The subsequent declaration by Mike Nesbitt that his Ulster Unionist Party (UUP) shall now form the official opposition has been heralded by some as a wonderful step toward normal politics. This is another quite deluded perception. The UUP and the DUP remain politically identical; both to the right of centre, both socially conservative, both exist as overwhelmingly middle-class machines, both retain a nauseating culture of self entitlement to elected office, both favour the austerity agenda, both hold education policies proven to hold back the less well-off, both share Sinn Fein’s belief in cutting corporate taxes to the cost of public services, and both intermittently claim/disown the Loyalist community strategically depending on the current news-cycle. So other than the political capital of maximised air time and the opposition’s privilege to become akin to Teflon regarding anything unpopular what exactly Mike Nesbitt could possibly find to oppose remains to be seen. Whereas, by sharp contrast, the voices of PBP and the Greens (referred to as “the naughty corner” by commentators who must consider it a punishable offence not to be in one of their preferred five main parties, another cliché which makes my teeth itch) actually do promise some sincere scrutiny.

At a recent get-together of friends in the world famous Sunflower pub (well, it’s world famous in Belfast!) a chum of mine giggled her way to a surprising confession.

“I thought you were a cert William.” She said.

“I was a what?”

“I thought you would have joined our party!”

She was, and indeed still is, a member of the Socialist Party and she and I would often meet and discuss the common political ground between our parties, usually around social issues. Upon learning that our friendship was initially, in part, a recruitment operation I opted to feel flattered rather than deceived. Like the Alliance party chap she is a young Protestant of Unionist and indeed Loyalist background. I recently, out of curiosity, asked her what the Protestant/Catholic ratio was with regard to her party colleagues. It was the cheeky kind of question I normally wouldn’t ask. She confessed to not having such data to hand but said in a way which was quite unguarded that whilst those of Catholic/Nationalist/Republican background are a majority it is “getting much closer than might think.”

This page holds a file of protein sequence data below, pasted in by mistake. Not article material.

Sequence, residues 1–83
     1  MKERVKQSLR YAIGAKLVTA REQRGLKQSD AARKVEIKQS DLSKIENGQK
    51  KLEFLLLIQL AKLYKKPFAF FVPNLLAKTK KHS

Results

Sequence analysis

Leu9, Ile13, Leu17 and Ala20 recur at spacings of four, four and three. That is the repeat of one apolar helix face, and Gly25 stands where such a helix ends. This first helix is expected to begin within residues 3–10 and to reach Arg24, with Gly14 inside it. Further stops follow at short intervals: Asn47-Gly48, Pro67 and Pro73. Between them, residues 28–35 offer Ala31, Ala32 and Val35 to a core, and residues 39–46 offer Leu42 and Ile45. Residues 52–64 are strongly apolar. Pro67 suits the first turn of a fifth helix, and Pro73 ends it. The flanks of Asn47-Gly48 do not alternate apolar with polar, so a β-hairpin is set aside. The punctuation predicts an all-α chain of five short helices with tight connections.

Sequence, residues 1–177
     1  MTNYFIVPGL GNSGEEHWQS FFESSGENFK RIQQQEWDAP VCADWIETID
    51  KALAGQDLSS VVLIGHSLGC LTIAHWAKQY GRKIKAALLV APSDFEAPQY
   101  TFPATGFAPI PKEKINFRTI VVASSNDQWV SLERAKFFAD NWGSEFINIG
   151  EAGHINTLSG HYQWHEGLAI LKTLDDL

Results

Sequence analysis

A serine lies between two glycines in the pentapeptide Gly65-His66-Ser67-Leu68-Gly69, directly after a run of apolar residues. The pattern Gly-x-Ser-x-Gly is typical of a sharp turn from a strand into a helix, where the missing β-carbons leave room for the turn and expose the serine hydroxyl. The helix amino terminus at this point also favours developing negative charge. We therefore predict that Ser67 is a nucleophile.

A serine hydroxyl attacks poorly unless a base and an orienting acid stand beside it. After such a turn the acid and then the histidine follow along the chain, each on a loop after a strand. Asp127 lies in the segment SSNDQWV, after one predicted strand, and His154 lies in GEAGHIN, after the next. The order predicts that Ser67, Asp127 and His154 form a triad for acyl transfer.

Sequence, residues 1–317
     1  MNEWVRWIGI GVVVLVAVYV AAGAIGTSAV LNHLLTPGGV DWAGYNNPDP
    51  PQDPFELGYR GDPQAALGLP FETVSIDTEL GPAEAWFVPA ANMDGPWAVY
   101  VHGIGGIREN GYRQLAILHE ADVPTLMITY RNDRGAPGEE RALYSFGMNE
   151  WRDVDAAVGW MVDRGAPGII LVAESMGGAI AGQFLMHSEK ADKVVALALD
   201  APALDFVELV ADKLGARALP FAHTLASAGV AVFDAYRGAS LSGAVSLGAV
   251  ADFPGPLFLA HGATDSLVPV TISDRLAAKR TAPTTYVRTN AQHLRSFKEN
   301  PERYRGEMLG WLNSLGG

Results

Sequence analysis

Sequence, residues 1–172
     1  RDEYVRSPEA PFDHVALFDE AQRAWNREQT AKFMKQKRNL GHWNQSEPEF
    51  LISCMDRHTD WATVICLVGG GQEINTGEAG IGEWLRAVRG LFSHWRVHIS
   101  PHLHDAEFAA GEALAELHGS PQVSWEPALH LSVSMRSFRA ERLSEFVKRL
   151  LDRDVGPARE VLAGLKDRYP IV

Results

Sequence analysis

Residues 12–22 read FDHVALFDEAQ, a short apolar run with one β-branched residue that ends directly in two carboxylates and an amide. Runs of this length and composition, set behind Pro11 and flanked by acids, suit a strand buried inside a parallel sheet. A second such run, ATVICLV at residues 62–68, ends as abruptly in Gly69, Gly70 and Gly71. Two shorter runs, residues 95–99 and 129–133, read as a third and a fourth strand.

The security of Northern Ireland’s constitutional membership of the UK will not be achieved by circle the wagons politics. Tribally blackmailing those who favour the Union to vote for your party lest they cost our side a place at the apex of some delusional hierarchy is a far cry from securing anything. It creates a democratic deficit which will, and indeed I believe already is, causing Unionism to hemorrhage young people who want the option of real politick first and foremost. These are young people, many of them of Protestant/Unionist/Loyalist background who favour Northern Ireland’s place in the UK but feel they have no option but to politicise outside of Unionism.
Those of us on the progressive flank of the PUP are immensely proud of our policies which oppose animal cruelty, oppose academic selection at the age of eleven, support equality for same sex couples and support a woman’s right to choose not just because they are principally progressive, but because such policies place a candle in the window. Such policies say, look folks, you didn’t need to leave Unionism, come home.

The veneer of normalisation of Northern Ireland’s political system may help the appearance of politics in the province, but for the Union to be safe we Unionists must show actual faith in it. Rewarding a Unionist party for its preparedness to turn every election into a single issue headcount is the most panic stricken display of insecurity imaginable. Personally speaking, I’d believe in our Union regardless of the designation of the First Minister. That I not only voted for, but campaigned for a minor party with no real chance of winning executive office is indicative of my confidence as a Unionist.